I work with a lot of IIS servers. Keeping track of what sites are present on which servers can sometimes be a daunting task. Heretofore I have been dealing with the rather obnoxious and time consuming process of checking sites and bindings by looking at each one in the IIS console. The other day I thought to myself, surely there must be a more effecient way to do this from the CLI via PowerShell… There is… I quickly found the following code on Stack Overflow after a Google search: (more…)
I found myself creating security groups for different servers in one of my domains over and over again and using the GUI can get a bit tedious. So I decided to write a quick powershell script that provides an interactive prompt asking for the server name, group type (select from options) and then from there creates a security group called “SERVERNAME-GROUP” in Active Directory. In my case, I had three different groups for each server, local “Admins”, local “Users”, and finally a special group for database admins used in Microsoft SQL Server. This requires the Active Directory module for powershell and must be run from a Domain Controller.
Below is the powershell code: (more…)
To make this comparison we need to first consider the problem that both approaches help us to solve. When programming any system you are essentially dealing with data and the code that changes that data. These two fundamental aspects of programming are handled quite differently in procedural systems compared with object oriented systems, and these differences require different strategies in how we think about writing code.
As I have been learning Powershell I have seen numerous sources state over and again that Powershell is a highly “object oriented” language. Not having any background in programming I have been really curious what was meant by this. The above article explains it nicely. It starts out discussing ColdFusion specifically but the bulk of the article is primarily explaining the general concept of Procedural vs. Object Oriented programming (as the title states) and reading through it has helped me understand why powershell works the way it does. Having a basic grasp on this concept should help me out immensely and I would recommend it as a short read for anyone else delving into Powershell, particularly if you are like me and don’t have a strong programming background.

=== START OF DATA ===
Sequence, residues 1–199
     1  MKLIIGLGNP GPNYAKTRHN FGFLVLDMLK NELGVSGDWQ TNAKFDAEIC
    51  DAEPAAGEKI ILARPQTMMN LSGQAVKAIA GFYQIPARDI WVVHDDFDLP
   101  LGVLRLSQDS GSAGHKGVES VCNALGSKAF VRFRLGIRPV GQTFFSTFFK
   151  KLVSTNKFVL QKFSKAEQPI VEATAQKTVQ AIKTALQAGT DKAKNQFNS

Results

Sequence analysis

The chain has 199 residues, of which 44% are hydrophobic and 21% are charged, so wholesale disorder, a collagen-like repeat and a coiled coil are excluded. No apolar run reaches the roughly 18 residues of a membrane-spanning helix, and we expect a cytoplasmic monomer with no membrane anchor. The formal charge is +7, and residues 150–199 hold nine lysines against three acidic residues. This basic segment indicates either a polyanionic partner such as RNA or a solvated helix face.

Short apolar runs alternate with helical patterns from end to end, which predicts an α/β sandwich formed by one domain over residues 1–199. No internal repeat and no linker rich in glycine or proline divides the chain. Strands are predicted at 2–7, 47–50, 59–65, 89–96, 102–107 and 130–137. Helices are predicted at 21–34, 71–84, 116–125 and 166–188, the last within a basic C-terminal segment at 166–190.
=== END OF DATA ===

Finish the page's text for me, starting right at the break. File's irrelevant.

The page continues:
I have been using powershell to automate Internet Explorer interactions with a web application with a login page in our internal environment at work. I ran into an issue with my script because the page I was trying to access was secured with SSL and we were using a self-signed certificate. This causes Internet Explorer to redirect to a warning page rather than going straight to the site. I needed a way to bypass this warning page in code and I finally came up with a solution I am sharing here.
Normally I dive into articles like this with an assumption that people know everything I am talking about. This will be a bit different because on this topic I feel pretty green myself. As this is a fresh subject for me, I am going to treat it as a fresh subject for you. That being said, we are actually going to be working with a somewhat complex script by the time we are done and if you pickup most of the concepts along the way you are going to be off at a sprint with Powershell scripting.
This is redacted version of a powershell script I had to come up with recently to fix an issue with a web application in our environment.
$hostsPath = "$env:windir\System32\drivers\etc\hosts"
$ip = ipconfig | findstr /i IPv4 |Out-string
$ip = $ip.TrimStart("IPv4 Address. . . . . . . . . . . : ")
$ip = $ip.TrimEnd("`n")
$ip = $ip.TrimEnd("`r")
Add-Content $hostsPath "$ip siteurl.com"
I will walk through what is going on here…